[To TOR Eorron Or TUB . 8PROTATOR:] Si,—The rigorist view, which
repels from Communion any who have not been confirmed, seems wanting in the historical perspective. What might have been feasible when the rubrics on which the rigorists take their stand were enacted can hardly be so regarded under the altered conditions of the age we live in. Circumstances alter cases, and in no case perhaps more than in this,when there has grown up in course of time a considerable number of good Christians outside the pale of the Church of England who were never contemplated, who indeed may be said, as an organised body, to have been non- existent, at the time when these rubrics were made. It is evident that the rubrics in question were meant, as you have clearly shown, for those who, having been baptised in the Church, would in due course proceed to Confirmation. The charge to the sponsors at the end of the Baptismal Service, "Ye are to take care that this child," &c., amply proves this. But is not this one of those cases to which Hooker's judicious words apply :—" Where things have been instituted, which, being convenient and good at the first, do afterwards in process of time wax otherwise, we make no doubt but that they may be altered; yea, though councils or customs general have received them" ("Ecol. Pol.," XIV., V.) P • Surely these rubrics might be relaxed at the discretion of the minister in the case of adult persons of whose fitness he is otherwise assured. Even Canon Liddon said, speaking on another subject : "A formula which might be harmless at one epoch may be mischievous at another" (" Life," 322).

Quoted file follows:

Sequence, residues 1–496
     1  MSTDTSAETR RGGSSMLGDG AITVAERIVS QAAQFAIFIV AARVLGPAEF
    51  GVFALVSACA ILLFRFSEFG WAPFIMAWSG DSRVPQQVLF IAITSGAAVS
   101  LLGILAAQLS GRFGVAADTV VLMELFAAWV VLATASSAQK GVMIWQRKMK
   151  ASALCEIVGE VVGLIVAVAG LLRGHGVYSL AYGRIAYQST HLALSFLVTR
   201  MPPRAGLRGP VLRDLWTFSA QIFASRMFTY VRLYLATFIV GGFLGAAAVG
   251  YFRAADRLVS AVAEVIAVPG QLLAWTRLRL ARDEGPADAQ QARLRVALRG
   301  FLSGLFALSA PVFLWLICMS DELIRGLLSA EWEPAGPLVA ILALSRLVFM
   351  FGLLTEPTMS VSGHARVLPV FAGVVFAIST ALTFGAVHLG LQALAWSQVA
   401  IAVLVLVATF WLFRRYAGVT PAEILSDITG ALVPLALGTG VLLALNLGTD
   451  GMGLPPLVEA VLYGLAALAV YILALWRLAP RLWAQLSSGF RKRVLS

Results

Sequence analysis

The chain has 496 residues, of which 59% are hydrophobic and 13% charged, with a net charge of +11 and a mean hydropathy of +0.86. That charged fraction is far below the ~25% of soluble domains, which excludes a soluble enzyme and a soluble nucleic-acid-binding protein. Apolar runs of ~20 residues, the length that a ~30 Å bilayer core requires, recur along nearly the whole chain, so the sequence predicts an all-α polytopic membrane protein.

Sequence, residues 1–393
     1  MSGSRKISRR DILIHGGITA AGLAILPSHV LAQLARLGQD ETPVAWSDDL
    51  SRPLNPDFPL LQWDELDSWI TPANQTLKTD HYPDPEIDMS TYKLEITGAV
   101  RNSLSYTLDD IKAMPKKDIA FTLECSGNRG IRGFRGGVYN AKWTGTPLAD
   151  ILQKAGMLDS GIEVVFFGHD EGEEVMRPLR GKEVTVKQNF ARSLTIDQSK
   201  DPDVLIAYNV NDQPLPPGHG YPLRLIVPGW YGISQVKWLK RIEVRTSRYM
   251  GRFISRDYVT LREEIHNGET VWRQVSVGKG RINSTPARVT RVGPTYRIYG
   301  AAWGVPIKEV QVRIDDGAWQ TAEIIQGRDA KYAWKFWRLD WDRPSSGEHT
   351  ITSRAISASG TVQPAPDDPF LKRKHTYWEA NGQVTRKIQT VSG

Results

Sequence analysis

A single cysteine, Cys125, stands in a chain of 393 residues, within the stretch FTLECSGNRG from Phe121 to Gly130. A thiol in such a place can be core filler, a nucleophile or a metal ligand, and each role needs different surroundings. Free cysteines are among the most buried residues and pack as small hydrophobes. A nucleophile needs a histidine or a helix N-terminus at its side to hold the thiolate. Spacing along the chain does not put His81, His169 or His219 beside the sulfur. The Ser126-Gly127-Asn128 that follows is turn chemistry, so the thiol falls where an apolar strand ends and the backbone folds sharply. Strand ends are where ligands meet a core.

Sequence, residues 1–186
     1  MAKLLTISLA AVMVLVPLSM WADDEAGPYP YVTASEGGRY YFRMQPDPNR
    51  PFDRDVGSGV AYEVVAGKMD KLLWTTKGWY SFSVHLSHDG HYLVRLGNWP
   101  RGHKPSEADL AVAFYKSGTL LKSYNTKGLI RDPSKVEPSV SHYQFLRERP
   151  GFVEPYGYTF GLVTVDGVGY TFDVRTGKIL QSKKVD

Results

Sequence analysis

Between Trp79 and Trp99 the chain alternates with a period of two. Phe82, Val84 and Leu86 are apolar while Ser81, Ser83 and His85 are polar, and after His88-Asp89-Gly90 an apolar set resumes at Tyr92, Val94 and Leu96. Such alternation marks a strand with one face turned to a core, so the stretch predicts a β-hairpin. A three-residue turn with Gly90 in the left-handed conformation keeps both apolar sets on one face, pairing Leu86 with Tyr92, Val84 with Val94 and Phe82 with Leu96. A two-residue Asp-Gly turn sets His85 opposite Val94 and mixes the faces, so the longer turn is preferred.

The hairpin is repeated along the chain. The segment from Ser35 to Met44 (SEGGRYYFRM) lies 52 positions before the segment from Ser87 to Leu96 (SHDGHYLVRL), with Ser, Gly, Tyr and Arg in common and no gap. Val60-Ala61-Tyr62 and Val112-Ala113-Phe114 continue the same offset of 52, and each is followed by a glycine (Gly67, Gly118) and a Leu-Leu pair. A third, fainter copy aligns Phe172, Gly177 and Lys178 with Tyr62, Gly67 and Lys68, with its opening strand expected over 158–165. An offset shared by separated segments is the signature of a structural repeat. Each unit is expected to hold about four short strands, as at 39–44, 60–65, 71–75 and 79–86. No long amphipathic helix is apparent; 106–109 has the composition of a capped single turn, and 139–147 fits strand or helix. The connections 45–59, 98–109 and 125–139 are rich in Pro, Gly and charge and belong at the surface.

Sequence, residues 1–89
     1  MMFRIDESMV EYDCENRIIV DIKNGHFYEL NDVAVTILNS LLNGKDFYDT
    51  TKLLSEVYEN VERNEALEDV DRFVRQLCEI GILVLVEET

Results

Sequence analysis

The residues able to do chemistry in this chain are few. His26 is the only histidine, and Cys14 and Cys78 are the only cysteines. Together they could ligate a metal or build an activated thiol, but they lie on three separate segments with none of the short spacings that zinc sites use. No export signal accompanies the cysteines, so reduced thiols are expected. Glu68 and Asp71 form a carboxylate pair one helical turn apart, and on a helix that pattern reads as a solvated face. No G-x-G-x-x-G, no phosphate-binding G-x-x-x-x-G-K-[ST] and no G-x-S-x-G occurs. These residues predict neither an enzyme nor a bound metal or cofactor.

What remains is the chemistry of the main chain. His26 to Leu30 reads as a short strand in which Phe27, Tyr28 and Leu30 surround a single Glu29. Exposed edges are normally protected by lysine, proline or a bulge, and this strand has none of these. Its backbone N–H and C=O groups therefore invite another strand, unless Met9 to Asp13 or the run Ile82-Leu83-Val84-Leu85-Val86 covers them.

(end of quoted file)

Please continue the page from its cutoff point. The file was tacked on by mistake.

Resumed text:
Those who look upon Confirmation as the necessary com- plement to Baptism, as though Baptism were not complete without it, might be asked if they now expect the same miraculous gifts which followed the laying on of hands by the Apostles ; gifts, we know, gradually withdrawn when the infant Church was able to walk alone. To insist upon Confirmation as a necessary preliminary to Communion in every case seems to be one of such things "as have grown partly of the corrupt following of the Apostles." Does there not seem now a special suitableness in the Pentecostal prayer that we may "have a right judgment in all things" P—I am, Sir, &o.,